heading for atmospheric freedom. The other bonus is the mist: The dry ice is so cold it actually condenses the water vapour in the air into fog. How much dry ice you’ll need will depend on what you have planned. A thick curtain of fog rolling through your house for three hours will require a theatrical fog machine and several thousand pounds of ice, so you might want to scale it back to a collection of vases and a nice punch bowl. Since the ice will start to sublimate immediately, pick up your supply as close to party time as possible. Now, the safety warning: Dry ice is cold enough to cause some major damage to bare skin and innards. Make sure you wear thick gloves, wear goggles when breaking it apart and use tongs to handle the chunks. And if you plan on dropping it into drinks for a fizzy flair, strain out every last niblet before it gets anywhere near someone’s lips! Sending your guests to hospital will not enhance their party experience.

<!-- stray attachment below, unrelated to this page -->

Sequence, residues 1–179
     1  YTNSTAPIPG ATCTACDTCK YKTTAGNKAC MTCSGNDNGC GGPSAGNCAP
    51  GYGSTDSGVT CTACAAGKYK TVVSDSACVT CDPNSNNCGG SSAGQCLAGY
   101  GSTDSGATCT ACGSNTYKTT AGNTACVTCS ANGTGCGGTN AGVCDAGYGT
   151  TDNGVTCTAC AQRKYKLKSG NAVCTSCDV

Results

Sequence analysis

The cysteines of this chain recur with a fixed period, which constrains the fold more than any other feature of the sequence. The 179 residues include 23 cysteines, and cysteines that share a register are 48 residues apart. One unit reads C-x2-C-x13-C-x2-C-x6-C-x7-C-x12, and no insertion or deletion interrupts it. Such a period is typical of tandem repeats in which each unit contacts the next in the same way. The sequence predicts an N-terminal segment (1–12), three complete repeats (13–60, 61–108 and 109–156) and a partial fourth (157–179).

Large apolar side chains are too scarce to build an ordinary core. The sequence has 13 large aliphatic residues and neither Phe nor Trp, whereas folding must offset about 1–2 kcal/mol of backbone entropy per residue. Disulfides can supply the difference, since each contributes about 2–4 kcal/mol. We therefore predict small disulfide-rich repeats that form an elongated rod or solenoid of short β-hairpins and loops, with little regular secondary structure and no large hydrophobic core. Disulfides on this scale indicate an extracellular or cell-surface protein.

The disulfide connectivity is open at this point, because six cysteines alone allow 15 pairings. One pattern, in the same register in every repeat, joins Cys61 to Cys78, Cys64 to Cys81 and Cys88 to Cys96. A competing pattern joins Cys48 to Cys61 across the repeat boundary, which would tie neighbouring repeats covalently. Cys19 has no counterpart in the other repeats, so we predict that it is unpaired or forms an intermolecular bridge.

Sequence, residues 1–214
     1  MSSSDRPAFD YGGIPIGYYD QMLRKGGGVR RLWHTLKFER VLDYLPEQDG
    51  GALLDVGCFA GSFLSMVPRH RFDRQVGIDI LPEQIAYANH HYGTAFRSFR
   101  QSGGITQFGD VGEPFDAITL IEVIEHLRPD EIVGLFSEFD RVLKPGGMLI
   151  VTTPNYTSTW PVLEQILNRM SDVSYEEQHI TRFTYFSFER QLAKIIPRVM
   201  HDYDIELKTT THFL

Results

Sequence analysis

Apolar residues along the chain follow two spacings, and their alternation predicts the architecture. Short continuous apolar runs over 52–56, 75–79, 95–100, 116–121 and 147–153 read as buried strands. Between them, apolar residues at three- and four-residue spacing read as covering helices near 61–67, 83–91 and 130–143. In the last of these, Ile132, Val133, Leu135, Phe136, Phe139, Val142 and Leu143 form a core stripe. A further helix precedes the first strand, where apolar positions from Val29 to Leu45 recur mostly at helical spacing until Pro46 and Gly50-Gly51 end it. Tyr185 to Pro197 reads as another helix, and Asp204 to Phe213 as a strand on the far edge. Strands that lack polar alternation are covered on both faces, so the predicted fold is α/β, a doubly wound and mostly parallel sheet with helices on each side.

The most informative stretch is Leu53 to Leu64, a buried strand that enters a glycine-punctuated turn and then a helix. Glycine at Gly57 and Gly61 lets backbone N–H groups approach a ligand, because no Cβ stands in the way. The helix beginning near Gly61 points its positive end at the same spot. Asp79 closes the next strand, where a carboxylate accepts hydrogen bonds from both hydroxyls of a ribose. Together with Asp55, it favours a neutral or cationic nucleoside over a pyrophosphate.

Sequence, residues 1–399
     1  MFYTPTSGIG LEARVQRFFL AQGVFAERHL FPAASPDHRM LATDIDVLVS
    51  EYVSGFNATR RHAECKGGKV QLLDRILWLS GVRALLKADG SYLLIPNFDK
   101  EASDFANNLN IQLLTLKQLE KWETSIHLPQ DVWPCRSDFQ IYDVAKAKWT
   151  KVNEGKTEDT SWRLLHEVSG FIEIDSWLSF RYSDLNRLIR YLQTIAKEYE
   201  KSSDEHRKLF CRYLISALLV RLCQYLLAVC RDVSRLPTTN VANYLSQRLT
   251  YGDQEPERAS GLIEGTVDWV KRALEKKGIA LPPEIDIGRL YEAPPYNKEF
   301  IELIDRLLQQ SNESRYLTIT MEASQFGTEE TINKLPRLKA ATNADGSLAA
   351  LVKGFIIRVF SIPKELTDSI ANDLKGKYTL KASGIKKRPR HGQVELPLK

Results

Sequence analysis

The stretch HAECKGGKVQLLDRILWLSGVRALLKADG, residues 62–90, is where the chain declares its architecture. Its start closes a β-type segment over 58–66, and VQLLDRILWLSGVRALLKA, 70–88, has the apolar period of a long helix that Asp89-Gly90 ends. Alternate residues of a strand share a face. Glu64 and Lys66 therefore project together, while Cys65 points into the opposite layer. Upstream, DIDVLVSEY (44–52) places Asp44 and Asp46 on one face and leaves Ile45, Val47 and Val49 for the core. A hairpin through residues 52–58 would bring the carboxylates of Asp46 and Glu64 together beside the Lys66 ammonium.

Docs urge against school wifi classified radiation emitted by wireless devices, including cellphones and wireless Internet, as possibly carcinogenic. Despite Schools should not install wireless this classification, Health Canada still says Internet systems because the technology is Wi-Fi is safe. linked to learning disabilities, headaches Dr. Jennifer Armstrong, an Ottawaand immune system deficiencies, based doctor who works an environmental according to an international association of health clinic, says it is important to practise physicians. precaution, especially with kids. She is the The American Academy of former president of AAEM. Environmental Medicine, which is holding “They’re more vulnerable. Their skulls are a conference on the brain smaller, their brains are and nervous system this still developing. We don’t week in Florida, says safer want to start treating any alternatives should be permanent damage in used instead of Wi-Fi. these kids,” Armstrong “Adverse health effects said. “If they’re going to from wireless radio have trouble learning Dr. Jennifer Armstrong frequency fields, such while at school or if Former AAEM president as learning disabilities, they’re developing altered immune immune system problems responses, and headaches, clearly exist ... we don’t need to contribute more to it and are well documented in the scientific with something we can prevent.” literature,” the academy said in a statement Tory MP Terence Young has called for a on its website. “Safer technology, such as use review of Safety Code 6, the framework for of hard-wiring, is strongly recommended in industry guidelines on radiation exposure schools.” in Canada. The American Academy of Pediatrics has “My constituents believe that Safety Code also called for a review of government safety 6 is outdated, and there are a number of limits for electromagnetic radiation because studies that have come out in the last year of the growing number of wireless devices that they haven’t taken into consideration,” that are part of children’s lives. Young said in an interview with QMI In 2011, the World Health Organization Agency.